Departing from platform 10

I had an hour and a half to kill before catching a train to Scotland, so I got myself a tea in the café which occupies the old signal box at the end of the footbridge on York station. I was just recovering from being unwell and had that unreal feeling, where you feel somehow a stage removed from what is actually happening around you: even my own words as I struggled to place the correct change in the hand of the assistant seemed not quite to be spoken by me, as if I was listening to myself speak from behind a door. This is often a fruitful state of mind, where you get odd insights. It was mid afternoon on the 29th November. A peculiar yellow winter sunlight permeated everything, turning the atmosphere solid. Solid time. Cold. Low winter afternoon sunlight makes everything seem of like substance; the normal divisions of material and surface are obliterated. Everything is alabaster. Everything is tarte au citron. People wander like ghosts, or seem trapped in amber on the knife edge of annihilation; the nanosecond before an errant planet slams into the earth, dissolving everything in an instant into a vast plume of dust which rises in slow motion up into space: atmosphere, water, rock, people, buildings all converted by unimaginable forces into pale grey dust. Even sounds seem clogged.

I settled myself by the window and peered through the grimy pane out at the railway track and the people blowing and scudding up and down the stairs and over the footbridge. My mind settled pleasantly into itself, the wizened rind of the day’s thoughts collapsing in on the mush of the now absent core. Other people hunched over lattés and anxiously chattered to stave off the clawing sunlight. Decades and decades worth of layers of paint on the window frames morphed into outlandish knobbles and cankers. I started to read the introduction to my paperback copy of Moby Dick and it was with some surprise that I found my mind managed to form itself around the ideas, themes and motifs that the introduction’s author drew out of Melville’s text and picked over. Moby Dick the unreal was co-substantive with the unreal afternoon; with the blubbery sunlight and pulp paper. The light was sweet spermaceti oil. In the benevolent fug I made a pact with myself to read de Tocqueville’s Democracy in America.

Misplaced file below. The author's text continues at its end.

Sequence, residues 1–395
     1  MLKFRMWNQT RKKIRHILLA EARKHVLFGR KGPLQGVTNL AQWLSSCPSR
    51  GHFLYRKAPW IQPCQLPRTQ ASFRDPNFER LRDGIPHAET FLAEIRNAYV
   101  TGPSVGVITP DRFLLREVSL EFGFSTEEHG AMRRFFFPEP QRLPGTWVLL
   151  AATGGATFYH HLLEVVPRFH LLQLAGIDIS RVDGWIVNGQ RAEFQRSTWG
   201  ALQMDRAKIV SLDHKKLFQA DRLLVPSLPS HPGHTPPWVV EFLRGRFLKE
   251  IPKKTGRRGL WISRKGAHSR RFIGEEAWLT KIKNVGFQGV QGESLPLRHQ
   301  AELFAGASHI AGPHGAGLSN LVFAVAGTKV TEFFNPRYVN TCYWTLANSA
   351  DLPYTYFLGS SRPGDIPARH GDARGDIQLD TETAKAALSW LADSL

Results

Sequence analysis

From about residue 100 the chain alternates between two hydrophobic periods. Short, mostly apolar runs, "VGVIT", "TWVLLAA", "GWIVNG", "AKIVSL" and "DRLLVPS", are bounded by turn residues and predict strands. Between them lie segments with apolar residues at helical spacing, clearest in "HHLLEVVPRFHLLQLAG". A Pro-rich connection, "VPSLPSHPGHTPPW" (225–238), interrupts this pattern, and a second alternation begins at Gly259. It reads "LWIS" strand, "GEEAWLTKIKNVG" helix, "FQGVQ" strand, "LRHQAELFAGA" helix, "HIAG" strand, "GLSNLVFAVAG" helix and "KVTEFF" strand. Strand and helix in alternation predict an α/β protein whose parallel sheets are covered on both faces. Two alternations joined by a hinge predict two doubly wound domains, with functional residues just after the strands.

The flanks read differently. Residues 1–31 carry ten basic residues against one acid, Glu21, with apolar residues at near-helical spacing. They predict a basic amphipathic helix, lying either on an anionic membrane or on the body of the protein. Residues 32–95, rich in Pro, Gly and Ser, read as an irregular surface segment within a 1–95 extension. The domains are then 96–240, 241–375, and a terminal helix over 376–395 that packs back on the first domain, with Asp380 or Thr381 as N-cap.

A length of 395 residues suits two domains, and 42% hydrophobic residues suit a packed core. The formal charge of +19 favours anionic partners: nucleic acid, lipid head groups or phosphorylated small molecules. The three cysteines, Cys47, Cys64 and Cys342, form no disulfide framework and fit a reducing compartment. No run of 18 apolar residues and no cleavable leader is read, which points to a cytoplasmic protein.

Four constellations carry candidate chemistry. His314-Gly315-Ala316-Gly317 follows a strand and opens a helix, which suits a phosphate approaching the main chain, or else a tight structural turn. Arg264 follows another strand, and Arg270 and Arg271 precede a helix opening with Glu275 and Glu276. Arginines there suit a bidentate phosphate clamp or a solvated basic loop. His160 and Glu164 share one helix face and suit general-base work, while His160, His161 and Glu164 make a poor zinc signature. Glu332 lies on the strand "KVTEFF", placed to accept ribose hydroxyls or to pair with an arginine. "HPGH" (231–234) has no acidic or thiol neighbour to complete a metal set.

A goods train rumbled slowly through the station below me. An endless train of open trucks full of ballast. I imagined that the trucks were exhibits being passed before a jury. That they were prophecies of doom being thrust below the noses of the passengers waiting on the platform, whether they liked to hear or not. That they were not full of pale grey stone, but of bleached human bones: skulls, pelvises, ribs, femurs, tibias, scapulae, sternums jumbled up together, like the bones of Varus’s three legions piled in waves after the battle of Teutoburg. These are your bones; your future. Look how jumbled and dry they are. We are using them to construct the future. A red blinking light on the final wagon said “enough, enough, enough, enough, this is the end, it has come”. The freight train reminded me of the sparrow passing through the mead hall in Bede.


Afterwards, on the train, the light continued to decay, this time breathing brick dust over the world. The world seemed ready to crumble. Acid grey pylons carried news of victory or defeat, their arms raised like Moses’s. The defeat of Varus. I remembered the warm waiting room where I spent a few minutes after leaving the café. Clouds brushed right across the sky by an idiot, or as a warning. Solid state world: information flow without mechanism. Queequeg: the world as a joint stock company at all meridians. It gets dark. Moby Dick is a novel about all things.